Thirsty Thursday: An Inventory Report (5/18/23)

Posted: May 20, 2023
Previous Reports

Welcome to this week’s Thirsty Thursday: An Inventory Report. We are now more than half-way done with Q2 2023, and with April’s showers having brought May flowers, it may be time to celebrate the last few weeks of spring with a Lavender Lasso.

Crude Oil Stocks

The EIA forecasted a million-barrel drop in inventories for the period but was met with a surprise inventory build of considerable size (5 million barrels).

The API also expected an even larger draw than the EIA but also reported a significant, though slightly lesser, inventory build.

This and last week’s surprise inventory builds could exert downward pressure on commodity prices. The last two reporting periods reverse the inventory depletion trend that the country has been seeing since March of this year.

Oil and Natural Gas Prices

Brent continues to hover at around $75/bbl and WTI, with some variation, has been staying just over the $70/bbl mark. With inventory trends changing direction and rig counts falling meaningfully, it seems as though commodity prices are in somewhat of a holding pattern.

Brent Crude Oil
WTI Crude Oil

Natural gas has rallied back over the $2.50/MMBtu mark, driven in some degree by Californian wildfires preventing the import of some amount of Canadian gas.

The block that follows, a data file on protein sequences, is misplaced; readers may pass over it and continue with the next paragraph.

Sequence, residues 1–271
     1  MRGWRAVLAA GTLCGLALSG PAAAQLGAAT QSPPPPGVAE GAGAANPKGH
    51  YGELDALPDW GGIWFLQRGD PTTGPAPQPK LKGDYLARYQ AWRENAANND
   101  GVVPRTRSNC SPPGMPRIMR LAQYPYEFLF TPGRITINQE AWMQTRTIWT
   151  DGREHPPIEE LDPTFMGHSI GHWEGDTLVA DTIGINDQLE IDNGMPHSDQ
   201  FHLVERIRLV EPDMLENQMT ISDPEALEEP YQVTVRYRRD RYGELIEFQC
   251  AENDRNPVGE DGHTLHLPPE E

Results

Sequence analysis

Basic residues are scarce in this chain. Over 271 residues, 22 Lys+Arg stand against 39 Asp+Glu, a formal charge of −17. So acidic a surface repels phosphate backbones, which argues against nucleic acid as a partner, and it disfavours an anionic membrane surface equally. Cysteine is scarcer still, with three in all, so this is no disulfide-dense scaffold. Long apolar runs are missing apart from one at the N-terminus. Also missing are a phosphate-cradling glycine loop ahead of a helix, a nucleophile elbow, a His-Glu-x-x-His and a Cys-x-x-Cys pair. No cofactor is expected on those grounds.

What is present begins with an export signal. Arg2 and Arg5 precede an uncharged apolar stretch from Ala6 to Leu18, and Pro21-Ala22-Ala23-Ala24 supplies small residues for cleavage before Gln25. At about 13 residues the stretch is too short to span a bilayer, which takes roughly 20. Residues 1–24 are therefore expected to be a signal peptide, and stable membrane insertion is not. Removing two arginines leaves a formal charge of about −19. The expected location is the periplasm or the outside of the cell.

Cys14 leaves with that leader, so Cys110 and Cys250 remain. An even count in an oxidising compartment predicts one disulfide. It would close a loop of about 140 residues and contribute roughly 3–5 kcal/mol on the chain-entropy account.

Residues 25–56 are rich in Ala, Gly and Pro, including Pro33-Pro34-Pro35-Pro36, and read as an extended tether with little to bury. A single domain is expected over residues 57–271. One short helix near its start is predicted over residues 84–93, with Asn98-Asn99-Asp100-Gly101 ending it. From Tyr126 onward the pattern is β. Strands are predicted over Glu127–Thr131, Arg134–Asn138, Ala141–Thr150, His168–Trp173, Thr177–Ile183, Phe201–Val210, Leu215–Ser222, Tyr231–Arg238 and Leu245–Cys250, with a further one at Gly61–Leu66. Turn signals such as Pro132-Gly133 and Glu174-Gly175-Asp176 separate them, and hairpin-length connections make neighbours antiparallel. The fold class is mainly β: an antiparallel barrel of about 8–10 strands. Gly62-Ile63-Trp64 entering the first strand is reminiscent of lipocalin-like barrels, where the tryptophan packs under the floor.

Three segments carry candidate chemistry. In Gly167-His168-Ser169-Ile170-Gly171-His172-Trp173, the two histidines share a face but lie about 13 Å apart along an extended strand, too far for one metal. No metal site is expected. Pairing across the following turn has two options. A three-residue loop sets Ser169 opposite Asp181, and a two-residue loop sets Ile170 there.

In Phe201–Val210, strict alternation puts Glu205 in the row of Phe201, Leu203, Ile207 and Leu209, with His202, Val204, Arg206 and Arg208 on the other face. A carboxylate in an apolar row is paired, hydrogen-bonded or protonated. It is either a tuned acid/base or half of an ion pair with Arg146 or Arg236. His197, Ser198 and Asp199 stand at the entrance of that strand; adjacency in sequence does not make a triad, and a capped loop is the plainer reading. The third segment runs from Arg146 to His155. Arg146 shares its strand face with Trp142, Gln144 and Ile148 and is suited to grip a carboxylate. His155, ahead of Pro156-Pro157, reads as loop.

Natural Gas Price

Fuels Market

National average gasoline prices stayed nearly flat in the last period at $3.54. US gasoline stocks have once again turned downwards and remain beneath the five-year range of national gasoline inventories.

Mississippi remains the only state in the Union to have sub-$3 gasoline on average, while California ends the other end of the price spectrum at $4.80.

Diesel prices continue their inexorable downward march and diesel stocks continue to get slimmer, with inventories at the very bottom of the five-year range. Propane inventories, by contrast, continue to build and are on top of the five-year range.

Crude Oil Imports/Exports

Net crude oil imports were down just over 100K bbl/d from the last reporting period, but remain about 1 MMbbl/d higher than most of April was. This seems to be dominated largely by a drop in exports–imports seem fairly stable.

The overall trend of the last three months seems to be moving away from the zero net import/export mark, but the macrotrend towards oil independence still seems to continue.

US Weekly Import/Export Data (May 6-12)

ProductImports (Mbbl/d)Exports (Mbbl/d)Net (Mbbl/d)
Crude Oil6,8604,3102,550
Other Petroleum Products2,0226,496-4,474
Total Oil + Products8,88110,806-1,925

US Monthly Import/Export Origin and Destination Data (Month of February 2023)

Export DestinationTotal (Mbbl)Import OriginTotal (Mbbl)
Canada23,704Saudi Arabia10,863
South Korea18,213Iraq8,352

That’s it for this week. Get out and enjoy that beautiful spring weather!

Photo by Chad Peltola on Unsplash

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